By Laura Miller Hill for SUST 240
The village of Oak Park is considered to be one of the most progressive and sustainable cities in Illinois. Oak Park residents and their leaders have adopted many sustainable policies and programs and even have their own sustainability plan, in conjunction with the town of River Forest, called PlanItGreen (pdf). Additionally, the village has set a goal of generating Zero Waste in their schools, and are considered a Green Power Partner by the Environmental Protection Agency. Now Oak Park can also add village-wide curbside composting to that impressive list.
In 2012, Oak Park instituted a curbside composting pilot program. The program was so successful that in April of this year the CompostAble Program was made available to every resident of Oak Park that resides in either a single-family or five-flat household. Facilitated by Waste Management Systems, the same big waste hauler that picks up their garbage and recycling, Oak Park residents now have a choice: throw their food scraps, paper products and compostable bags into the trash, or collect their compostable material (including yard waste) and pay their waste hauler to turn it into compost.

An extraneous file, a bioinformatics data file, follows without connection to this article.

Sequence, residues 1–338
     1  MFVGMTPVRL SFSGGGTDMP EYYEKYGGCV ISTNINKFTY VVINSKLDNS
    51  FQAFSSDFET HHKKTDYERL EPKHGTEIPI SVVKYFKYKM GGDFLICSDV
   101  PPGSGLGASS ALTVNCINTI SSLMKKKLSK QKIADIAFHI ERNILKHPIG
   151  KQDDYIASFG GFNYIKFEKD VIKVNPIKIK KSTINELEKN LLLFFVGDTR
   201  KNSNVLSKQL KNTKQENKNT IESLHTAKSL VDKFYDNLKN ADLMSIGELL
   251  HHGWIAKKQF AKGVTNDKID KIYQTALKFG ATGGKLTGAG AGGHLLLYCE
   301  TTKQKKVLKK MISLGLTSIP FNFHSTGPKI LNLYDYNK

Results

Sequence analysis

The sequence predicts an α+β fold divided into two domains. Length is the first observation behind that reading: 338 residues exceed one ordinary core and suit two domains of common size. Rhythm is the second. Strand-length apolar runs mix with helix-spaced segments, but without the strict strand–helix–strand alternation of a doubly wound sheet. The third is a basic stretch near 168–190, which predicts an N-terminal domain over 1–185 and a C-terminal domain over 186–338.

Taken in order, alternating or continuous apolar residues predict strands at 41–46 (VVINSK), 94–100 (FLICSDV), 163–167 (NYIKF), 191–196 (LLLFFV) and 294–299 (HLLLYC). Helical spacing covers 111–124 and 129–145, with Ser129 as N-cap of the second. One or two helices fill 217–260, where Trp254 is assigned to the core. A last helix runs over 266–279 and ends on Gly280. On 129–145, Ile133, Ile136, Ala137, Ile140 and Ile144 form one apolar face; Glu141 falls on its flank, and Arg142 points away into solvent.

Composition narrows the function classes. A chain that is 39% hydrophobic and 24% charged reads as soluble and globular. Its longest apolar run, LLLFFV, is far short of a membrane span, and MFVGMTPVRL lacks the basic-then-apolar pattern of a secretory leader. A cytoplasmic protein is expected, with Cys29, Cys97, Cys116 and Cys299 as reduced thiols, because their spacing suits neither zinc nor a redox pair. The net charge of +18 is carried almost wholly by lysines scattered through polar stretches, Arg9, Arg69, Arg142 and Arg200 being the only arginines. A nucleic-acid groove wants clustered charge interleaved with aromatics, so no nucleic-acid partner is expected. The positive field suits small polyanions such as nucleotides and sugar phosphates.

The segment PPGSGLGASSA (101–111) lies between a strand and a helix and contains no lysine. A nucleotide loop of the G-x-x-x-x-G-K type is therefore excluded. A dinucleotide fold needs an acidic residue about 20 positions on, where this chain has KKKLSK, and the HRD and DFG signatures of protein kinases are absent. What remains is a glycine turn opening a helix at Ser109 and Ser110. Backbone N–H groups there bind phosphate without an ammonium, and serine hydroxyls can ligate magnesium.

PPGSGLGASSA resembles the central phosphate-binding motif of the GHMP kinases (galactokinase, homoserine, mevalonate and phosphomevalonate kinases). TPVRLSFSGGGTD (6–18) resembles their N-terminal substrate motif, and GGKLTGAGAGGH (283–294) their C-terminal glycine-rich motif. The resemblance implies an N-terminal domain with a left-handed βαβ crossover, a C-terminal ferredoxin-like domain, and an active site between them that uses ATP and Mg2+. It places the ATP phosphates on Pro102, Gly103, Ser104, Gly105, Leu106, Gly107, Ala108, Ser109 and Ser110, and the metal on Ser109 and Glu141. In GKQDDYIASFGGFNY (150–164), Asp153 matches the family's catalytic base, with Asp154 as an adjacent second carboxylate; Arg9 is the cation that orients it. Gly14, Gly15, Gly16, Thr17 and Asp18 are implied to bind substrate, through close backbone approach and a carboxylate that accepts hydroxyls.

The cost of the program is $14 per cart per month and according to the Village of Oak Park’s website, includes a 96 gallon cart, an under-sink collection bucket, and a box of compostable bags for food scraps. The cost of this subscription service is equivalent to the cost of a single yard waste sticker per week, but subscribing to the service should help residents reduce their trash cart and yard waste fees.
According to the EPA, “When food waste is disposed of in a landfill it rots and becomes a significant source of methane-a potent greenhouse gas with 21 times the global warming potential of carbon dioxide.” In recent years, curbside composting has become more popular due to the need to reduce the amount of waste that goes into landfills. Since this is a relatively inexpensive program, which can easily be added to a community’s yard waste service, why isn’t it a routine part of waste and recycling pick-up everywhere? Curbside composting in every city and town would make composting as easy as taking out the garbage and would not only reduce the amount of food waste in landfills, but would significantly reduce Greenhouse Gas Emissions.
Each week during the Fall 2013 semester, students in the SUST 240 Waste Schaumburg class at Roosevelt University will contribute blog posts to the Schaumburg’s Sustainable Future website. Also see this discussion of food waste here in previous articles on this blog and in this section of the website.